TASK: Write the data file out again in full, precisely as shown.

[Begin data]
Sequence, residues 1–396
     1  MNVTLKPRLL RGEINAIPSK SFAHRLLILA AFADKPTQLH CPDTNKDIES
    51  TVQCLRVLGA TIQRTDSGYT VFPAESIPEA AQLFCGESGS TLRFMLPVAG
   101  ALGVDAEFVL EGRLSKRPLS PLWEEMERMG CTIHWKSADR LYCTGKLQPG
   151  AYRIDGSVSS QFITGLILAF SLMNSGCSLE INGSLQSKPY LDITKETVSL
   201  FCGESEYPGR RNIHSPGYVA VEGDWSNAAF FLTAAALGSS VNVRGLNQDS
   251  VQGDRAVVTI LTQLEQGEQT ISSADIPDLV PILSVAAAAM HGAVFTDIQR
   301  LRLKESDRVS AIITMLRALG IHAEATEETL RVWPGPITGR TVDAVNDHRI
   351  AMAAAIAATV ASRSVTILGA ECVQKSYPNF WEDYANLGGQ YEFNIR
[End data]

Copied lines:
Sequence, residues 1–396
     1  MNVTLKPRLL RGEINAIPSK SFAHRLLILA AFADKPTQLH CPDTNKDIES
    51  TVQCLRVLGA TIQRTDSGYT VFPAESIPEA AQLFCGESGS TLRFMLPVAG
   101  ALGVDAEFVL EGRLSKRPLS PLWEEMERMG CTIHWKSADR LYCTGKLQPG
   151  AYRIDGSVSS QFITGLILAF SLMNSGCSLE INGSLQSKPY LDITKETVSL
   201  FCGESEYPGR RNIHSPGYVA VEGDWSNAAF FLTAAALGSS VNVRGLNQDS
   251  VQGDRAVVTI LTQLEQGEQT ISSADIPDLV PILSVAAAAM HGAVFTDIQR
   301  LRLKESDRVS AIITMLRALG IHAEATEETL RVWPGPITGR TVDAVNDHRI
   351  AMAAAIAATV ASRSVTILGA ECVQKSYPNF WEDYANLGGQ YEFNIR